Today, Tuesday, Venezuela is launching a new cryptocurrency to combat US “blockade,” as president Nicolas Maduro put it during his weekly televised broadcast.
The state has opened a registry for crypto miners who will be able to earn petros by running cryptocurrency transactions. The president predicts the petro will be a roaring success.
But will it?
The world is watching with great interest the progress of a large cryptocurrency experiment that Venezuela is currently running on a nation-wide level.
Some experts say Venezuela’s new cryptocurrency an ingenious plan to evade U.S. sanctions. Critics see the petro as a desperate move to secure cash amid an unprecedented economic meltdown. They predict the petro could become worthless over time, proving to be a state-run scam.
The petro is designed to raise hard currency and to function as a payment method for foreign suppliers now that most transactions have been stymied by financial sanctions imposed by Washington last year.
Maduro said petro will help combat a Washington-backed conspiracy to sabotage his government and end socialism in Latin America.
The announcement highlights how US sanctions this year are hurting Venezuela.
The launch on Tuesday comes amid a deep economic crisis.
Currency controls and excessive money printing have led to a 57% depreciation of the bolivar against the dollar in the last month alone on the widely used black market. Venezuelans are now suffering from widespread food shortages, hyperinflation, and the collapse of the traditional currency, the bolívar.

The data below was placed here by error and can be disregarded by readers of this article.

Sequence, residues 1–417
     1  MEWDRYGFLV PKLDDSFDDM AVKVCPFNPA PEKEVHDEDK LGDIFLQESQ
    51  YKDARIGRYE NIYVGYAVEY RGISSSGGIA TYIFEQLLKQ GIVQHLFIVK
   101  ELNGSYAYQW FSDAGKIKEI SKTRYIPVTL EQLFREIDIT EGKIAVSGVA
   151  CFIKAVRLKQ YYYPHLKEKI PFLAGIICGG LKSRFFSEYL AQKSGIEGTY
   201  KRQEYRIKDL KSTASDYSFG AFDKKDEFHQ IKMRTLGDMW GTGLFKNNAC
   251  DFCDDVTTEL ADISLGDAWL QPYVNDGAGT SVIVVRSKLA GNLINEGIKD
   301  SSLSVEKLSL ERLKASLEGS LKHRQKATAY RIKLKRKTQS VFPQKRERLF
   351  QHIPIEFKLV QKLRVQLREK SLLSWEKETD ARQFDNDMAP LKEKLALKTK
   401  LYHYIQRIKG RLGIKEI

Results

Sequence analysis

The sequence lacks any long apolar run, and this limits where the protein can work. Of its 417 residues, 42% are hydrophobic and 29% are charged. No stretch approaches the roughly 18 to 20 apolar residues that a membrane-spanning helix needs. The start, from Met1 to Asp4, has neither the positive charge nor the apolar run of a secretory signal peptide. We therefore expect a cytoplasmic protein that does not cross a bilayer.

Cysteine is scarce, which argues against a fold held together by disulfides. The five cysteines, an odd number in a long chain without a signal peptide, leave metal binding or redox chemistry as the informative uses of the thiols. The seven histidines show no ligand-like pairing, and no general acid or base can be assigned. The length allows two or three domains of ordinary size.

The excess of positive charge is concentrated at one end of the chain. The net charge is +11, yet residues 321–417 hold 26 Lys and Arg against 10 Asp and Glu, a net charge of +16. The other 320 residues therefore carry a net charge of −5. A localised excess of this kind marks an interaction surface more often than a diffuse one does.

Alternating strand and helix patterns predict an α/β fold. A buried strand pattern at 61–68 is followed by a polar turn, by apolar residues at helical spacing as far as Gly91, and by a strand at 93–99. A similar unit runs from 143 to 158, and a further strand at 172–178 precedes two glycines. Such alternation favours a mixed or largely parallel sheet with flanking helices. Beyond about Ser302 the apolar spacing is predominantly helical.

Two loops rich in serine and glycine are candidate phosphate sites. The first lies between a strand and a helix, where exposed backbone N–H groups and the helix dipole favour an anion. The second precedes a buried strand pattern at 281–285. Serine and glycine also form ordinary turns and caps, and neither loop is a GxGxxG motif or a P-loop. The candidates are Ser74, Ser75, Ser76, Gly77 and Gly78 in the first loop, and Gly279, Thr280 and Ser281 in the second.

Mostly the critics of petro cite the fact that the initial batch of petros will be backed by Venezuela’s oil that has yet to be pumped. What’s more, it is to be extracted through joint ventures in which the government holds only a 60% stake.
Moreover, petro will be issued by a central bank, and who in Venezuela would trust a currency from a bank that hasn’t even been unable to maintain the traditional currency in a good standing?
Add here the fact that last month, the US Treasury Department warned against investing in the petro, and the future of this cryptocurrency looks rather dim.
Still, Maduro’s government is pressing ahead.
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